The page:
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The Problem of Political Identity - The Meaning of Great Projects Politics in Contemporary Russia

GRIN Verlag,
E-Book ( PDF ohne Kopierschutz )
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Kurzbeschreibung

Master's Thesis from the year 2010 in the subject Politics - International Politics - Region: Russia, grade: A-, Central European University Budapest, language: English, abstract: The problem of political identity is one of the most topical issues in constructivist IR theory. The understanding of identity construction as well as the adequate.

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Titel: The Problem of Political Identity - The Meaning of Great Projects Politics in Contemporary Russia
Autoren/Herausgeber: Anatoly Reshetnikov
Ausgabe: 1., Auflage

ISBN/EAN: 9783640663774

Seitenzahl: 58
Produktform: E-Book
Sprache: Englisch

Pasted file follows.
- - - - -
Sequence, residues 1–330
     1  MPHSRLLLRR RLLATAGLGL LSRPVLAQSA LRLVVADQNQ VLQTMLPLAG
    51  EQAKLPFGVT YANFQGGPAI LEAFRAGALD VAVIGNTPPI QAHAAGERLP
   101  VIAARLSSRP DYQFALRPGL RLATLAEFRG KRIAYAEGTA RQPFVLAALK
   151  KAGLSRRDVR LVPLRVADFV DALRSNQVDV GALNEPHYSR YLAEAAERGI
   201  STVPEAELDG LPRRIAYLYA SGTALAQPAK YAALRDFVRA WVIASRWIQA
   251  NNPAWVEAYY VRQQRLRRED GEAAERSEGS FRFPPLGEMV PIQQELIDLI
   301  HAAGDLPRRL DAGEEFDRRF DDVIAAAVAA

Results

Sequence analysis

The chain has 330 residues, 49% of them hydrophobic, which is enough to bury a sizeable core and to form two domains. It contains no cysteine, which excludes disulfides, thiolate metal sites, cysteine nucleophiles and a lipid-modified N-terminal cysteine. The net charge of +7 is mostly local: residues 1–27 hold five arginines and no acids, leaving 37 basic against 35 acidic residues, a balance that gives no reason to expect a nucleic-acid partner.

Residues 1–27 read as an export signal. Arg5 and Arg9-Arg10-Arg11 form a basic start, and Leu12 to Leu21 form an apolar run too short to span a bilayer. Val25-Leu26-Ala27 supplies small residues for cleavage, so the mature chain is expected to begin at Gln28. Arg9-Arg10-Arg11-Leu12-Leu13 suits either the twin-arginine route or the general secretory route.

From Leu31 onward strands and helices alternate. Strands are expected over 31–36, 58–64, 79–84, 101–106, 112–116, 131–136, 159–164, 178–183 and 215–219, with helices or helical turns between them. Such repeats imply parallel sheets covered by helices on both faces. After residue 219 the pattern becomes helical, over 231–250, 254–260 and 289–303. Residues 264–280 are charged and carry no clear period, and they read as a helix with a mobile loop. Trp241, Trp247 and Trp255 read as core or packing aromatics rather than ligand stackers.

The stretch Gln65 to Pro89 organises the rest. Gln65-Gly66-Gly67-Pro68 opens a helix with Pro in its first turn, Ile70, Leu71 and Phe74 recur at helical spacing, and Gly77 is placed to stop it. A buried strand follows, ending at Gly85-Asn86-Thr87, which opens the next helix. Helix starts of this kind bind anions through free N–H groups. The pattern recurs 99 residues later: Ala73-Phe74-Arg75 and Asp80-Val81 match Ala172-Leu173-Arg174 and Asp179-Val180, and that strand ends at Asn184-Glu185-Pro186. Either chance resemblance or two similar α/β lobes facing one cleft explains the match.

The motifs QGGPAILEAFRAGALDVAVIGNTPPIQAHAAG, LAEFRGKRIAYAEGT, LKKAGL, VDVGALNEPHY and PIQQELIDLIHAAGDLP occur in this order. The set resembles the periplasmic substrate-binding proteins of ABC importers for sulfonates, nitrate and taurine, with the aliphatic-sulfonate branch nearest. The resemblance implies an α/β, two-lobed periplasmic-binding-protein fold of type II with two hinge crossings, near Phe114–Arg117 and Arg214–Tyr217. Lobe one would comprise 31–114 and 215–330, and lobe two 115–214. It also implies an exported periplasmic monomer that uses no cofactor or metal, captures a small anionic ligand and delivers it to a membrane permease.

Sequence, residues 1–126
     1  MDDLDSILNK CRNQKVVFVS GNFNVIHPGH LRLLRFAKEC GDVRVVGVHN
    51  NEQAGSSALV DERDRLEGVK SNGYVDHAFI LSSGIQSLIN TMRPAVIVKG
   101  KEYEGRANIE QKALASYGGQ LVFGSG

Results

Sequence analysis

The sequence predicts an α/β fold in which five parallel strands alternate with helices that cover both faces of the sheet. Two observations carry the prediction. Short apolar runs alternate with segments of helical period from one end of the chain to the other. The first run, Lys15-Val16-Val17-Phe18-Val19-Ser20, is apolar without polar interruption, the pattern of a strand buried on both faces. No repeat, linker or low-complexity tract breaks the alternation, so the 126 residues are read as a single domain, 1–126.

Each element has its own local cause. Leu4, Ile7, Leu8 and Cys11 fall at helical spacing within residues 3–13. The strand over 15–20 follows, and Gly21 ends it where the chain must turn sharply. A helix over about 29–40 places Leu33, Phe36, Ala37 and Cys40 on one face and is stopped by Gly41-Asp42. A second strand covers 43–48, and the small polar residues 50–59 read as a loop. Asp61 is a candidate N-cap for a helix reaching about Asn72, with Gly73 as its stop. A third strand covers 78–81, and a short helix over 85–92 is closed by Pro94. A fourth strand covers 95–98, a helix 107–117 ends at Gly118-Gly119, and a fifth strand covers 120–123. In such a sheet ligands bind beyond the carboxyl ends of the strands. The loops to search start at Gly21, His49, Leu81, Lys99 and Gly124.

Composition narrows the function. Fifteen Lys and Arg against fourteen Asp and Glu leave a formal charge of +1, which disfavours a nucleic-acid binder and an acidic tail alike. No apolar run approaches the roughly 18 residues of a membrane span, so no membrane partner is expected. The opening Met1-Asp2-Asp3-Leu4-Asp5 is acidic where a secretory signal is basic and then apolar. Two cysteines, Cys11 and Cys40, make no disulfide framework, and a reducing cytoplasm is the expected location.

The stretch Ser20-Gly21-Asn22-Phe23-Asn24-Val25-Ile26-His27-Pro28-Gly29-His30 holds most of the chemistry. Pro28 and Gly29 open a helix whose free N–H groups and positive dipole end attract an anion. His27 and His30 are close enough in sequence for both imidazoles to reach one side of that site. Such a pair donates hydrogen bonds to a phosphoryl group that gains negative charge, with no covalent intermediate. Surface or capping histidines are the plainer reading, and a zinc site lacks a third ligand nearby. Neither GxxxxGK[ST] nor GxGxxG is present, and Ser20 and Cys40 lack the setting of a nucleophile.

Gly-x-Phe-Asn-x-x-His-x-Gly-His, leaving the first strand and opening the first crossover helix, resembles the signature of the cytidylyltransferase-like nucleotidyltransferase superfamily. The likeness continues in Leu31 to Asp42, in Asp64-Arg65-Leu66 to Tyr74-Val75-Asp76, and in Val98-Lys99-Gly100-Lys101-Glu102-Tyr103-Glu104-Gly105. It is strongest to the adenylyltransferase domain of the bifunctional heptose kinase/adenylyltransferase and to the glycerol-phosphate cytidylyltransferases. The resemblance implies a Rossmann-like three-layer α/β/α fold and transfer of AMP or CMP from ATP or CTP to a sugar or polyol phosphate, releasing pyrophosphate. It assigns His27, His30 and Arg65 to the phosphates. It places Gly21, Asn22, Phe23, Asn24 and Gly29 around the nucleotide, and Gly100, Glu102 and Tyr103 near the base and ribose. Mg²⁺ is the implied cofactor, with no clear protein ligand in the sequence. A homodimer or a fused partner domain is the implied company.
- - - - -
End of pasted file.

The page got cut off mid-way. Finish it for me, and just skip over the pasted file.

Master's Thesis from the year 2010 in the subject Politics - International Politics - Region: Russia, grade: A-, Central European University Budapest, language: English, abstract: The problem of political identity is one of the most topical issues in constructivist IR theory. The understanding of identity construction as well as the adequate interpretation of its foreign policy implications can help explain the meanings behind the actions of major international actors. The work deals with the problem of political identity in contemporary Russia, by engaging with and extending the temporal scope of the constructivist analysis, conducted by Ted Hopf in his book Social Construction of International Politics. It suggests that the great projects politics of contemporary Russia, which is linked to the specificity of its political identity and seems to be similar to that of the late-Soviet period, can, in fact, be better understood, if another work on Russian identity (The Ethics of Postcommunism: History and Social Praxis in Russia by Sergei Prozorov) is also taken into account. Hopf’s analysis, while providing a valuable theoretical framework and linking the state’s identity to the great power status, does not trace the evolution of the latter status and confines itself to two years of Russia’s development, namely, 1955 and 1999. Prozorov’s book, while thoroughly analyzing the identity of contemporary Russian state, is limited within the domestic realm and fails to address the idea of great power, which Hopf believes to be an integral part of Russian political discourse and which is possible to interpret, only if the analysis extends beyond national borders. The research incorporates Prozorov’s theoretical contribution into the framework of Hopf, thus merging the mentioned approaches and making them applicable to the contemporary Russian condition, both domestically and within IR.

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